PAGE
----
Mentally prepare for life back at the office or on campusMental Health · Sep 2, 2021
As vaccination rates rise and restrictions ease, some people may be returning to work or school in the coming weeks. The last year and a half has been met with many adjustments. Working and studying from home has meant less social interaction and feedback from others, learning to self-regulate schedules, and changes in work hours and expectations. Despite a craving for contact with others and the desire to get out of the house, it can be hard to imagine returning to the old grind. Now as we transition to an even newer “normal” where we are able to return to the office and school, it can feel overwhelming.
The following are some tips for coping with the pressures of returning to the office or school:
Re-establish rituals and routines:
Prepare for bed at a regular time and get up at a regular time (best to start at least one week prior to work or school starting). A regular routine for sleep and waking helps to establish healthy sleep patterns, reduce exhaustion, and improve stress.
Limit the decisions that need to be made in the morning. Since pj’s aren’t an option for the office or on campus, take the time to pick out an outfit the night before. If you make yourself lunch and snacks try doing that the night before as well. The less mind clutter in the morning the more relaxed we are with starting the day.
Leave early and give yourself plenty of time to catch the bus or commute without the stress of a time crunch.
Consider replacing old habits with new ones. This may mean sitting down to a proper breakfast each day, a morning workout, or taking a few minutes for gratitude or meditation before heading out the door. Re-establishing what a work day or school day looks like is a great time to introduce habits that feel good and promote wellness.
Create your schedule:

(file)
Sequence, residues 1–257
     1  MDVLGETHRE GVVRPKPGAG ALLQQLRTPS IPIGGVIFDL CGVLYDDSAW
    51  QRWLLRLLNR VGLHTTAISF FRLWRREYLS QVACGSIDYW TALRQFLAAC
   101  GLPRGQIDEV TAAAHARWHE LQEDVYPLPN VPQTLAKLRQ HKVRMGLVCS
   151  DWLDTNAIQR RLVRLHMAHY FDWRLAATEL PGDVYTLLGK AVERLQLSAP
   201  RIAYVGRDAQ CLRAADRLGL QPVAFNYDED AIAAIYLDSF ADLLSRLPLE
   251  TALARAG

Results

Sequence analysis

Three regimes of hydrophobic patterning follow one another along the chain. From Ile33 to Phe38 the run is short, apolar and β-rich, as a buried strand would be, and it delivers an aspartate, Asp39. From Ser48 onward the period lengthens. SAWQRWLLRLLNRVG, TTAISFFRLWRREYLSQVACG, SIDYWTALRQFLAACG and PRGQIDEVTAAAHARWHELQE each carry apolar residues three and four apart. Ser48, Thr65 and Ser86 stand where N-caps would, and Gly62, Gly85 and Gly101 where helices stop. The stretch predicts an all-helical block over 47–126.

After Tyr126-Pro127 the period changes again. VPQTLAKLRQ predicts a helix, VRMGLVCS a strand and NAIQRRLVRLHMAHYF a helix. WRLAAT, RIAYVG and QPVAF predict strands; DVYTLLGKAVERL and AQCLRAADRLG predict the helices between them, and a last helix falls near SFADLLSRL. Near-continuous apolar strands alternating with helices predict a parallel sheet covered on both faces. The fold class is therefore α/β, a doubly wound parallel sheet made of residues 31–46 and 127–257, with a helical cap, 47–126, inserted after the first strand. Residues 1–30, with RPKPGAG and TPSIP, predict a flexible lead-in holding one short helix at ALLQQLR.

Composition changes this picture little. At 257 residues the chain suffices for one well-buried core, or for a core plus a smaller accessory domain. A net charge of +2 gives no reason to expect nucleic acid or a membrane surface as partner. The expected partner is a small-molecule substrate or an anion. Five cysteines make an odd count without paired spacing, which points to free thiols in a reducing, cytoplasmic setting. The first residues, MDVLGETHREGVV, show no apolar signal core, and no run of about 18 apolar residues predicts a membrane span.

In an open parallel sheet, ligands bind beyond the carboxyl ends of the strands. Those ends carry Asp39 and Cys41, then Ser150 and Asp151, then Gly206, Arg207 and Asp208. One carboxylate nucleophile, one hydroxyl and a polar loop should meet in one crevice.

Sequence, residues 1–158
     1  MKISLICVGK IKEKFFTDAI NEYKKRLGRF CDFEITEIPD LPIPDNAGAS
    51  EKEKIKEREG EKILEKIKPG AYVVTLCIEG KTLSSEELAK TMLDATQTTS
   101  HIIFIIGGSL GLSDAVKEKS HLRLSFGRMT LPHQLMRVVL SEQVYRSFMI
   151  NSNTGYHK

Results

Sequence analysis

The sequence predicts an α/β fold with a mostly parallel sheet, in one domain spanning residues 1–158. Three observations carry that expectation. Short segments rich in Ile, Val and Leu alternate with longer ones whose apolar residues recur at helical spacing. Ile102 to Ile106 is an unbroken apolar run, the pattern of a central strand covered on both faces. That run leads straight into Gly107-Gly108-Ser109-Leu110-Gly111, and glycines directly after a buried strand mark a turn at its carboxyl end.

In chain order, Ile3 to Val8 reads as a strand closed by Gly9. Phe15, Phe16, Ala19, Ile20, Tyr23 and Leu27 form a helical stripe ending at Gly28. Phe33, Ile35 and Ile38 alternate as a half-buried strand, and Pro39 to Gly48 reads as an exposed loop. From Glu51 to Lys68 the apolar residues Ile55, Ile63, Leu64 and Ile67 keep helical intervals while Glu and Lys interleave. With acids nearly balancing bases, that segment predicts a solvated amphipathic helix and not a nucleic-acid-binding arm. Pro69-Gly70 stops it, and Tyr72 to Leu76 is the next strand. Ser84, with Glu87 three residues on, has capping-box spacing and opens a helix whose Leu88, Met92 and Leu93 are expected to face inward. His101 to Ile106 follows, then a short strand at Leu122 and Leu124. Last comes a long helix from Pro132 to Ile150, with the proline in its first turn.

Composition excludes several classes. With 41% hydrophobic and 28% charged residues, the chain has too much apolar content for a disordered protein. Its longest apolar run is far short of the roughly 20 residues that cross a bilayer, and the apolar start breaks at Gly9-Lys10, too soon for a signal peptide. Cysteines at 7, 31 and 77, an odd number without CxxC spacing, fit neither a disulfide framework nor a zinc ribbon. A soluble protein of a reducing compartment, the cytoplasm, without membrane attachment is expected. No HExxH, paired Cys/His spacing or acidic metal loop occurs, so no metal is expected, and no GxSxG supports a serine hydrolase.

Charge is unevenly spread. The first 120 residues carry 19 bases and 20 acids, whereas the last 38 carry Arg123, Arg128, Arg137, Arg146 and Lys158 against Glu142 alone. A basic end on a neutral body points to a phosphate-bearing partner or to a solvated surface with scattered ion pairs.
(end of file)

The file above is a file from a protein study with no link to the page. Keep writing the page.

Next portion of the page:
For many people, work or school life may not be the same as pre-pandemic. If you are adjusting to a hybrid model where you are at home on some days and are at the office or on campus on others days, be sure to set a schedule that is consistent for days at home and days at the office. Predictability can help reduce stress and anxiety.
Use a calendar to take the pressure off of managing the schedule in your head.
Communicate schedules and expectations with colleagues and friends to help everyone feel safe and on board.
Expect to be flexible and adaptable as things get figured out. We are still coping with the unknowns of life during the pandemic. Choosing to accept and go with the flow can help ease worries and stay positive.
Make time for self-care:
One of the luxuries of working or attending virtual classes from home has been the flexibility to take breaks throughout the day as needed or desired. Breaks are healthy and in many cases can help improve our focus and productivity. Be sure to take a lunch break, get up and walk around, grab a coffee at a nearby cafe, take a moment to socialize, take a walk, or plan a workout or social event outside of your home to relax and decompress.
Having more time at home has provided insight into the importance of staying connected in our relationships, the value of downtime, and shed a light on the vulnerability of our physical health. Maintaining a healthy work life or school life balance means taking time to rebuild a social life with the people that matter, being mindful of how we use our time (do activities that have meaning to you and let the other stuff go), and engage in physical activity that is sustainable and enjoyable.
Surviving a pandemic has not been easy and adjusting to the new “normal” may not be a breeze either. There will be unexpected positive surprises and unexpected challenges. Self-compassion is about offering yourself the kindness and respect that you would give to others. A simple strategy when noticing your inner critic getting loud is to ask yourself, “What advice would I give a friend in this situation?” and take your own advice.
Practice re-engaging socially:
Non-human contact has become a norm and for many people it has made socializing seem awkward and uncomfortable. Socializing is a skill that benefits from practice. If you are heading back to the office or on campus this Fall, it might be helpful to reconnect with colleagues and friends beforehand. When at the office, stop by a colleague’s desk and say a quick hello. If you’re going back on campus, meet up with friends for a quick coffee. Slowly build or rebuild connections. It is the nuanced social interaction at the office and on campus that most people have missed.
If the thought of going back to the office or on campus is causing heightened stress and anxiety, consider seeking support from a counsellor. TELUS Health MyCare counsellors are available for virtual consultations so you can get individualized, practical tips and support in the comfort of your own home*.
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* Counselling appointments require additional payment of $120 inclusive of applicable taxes. Users under employer-sponsored solutions will not pay a fee for the service. Any payments for appointments must be paid using a valid credit card. An in-app receipt will be provided for you to claim for reimbursement if applicable.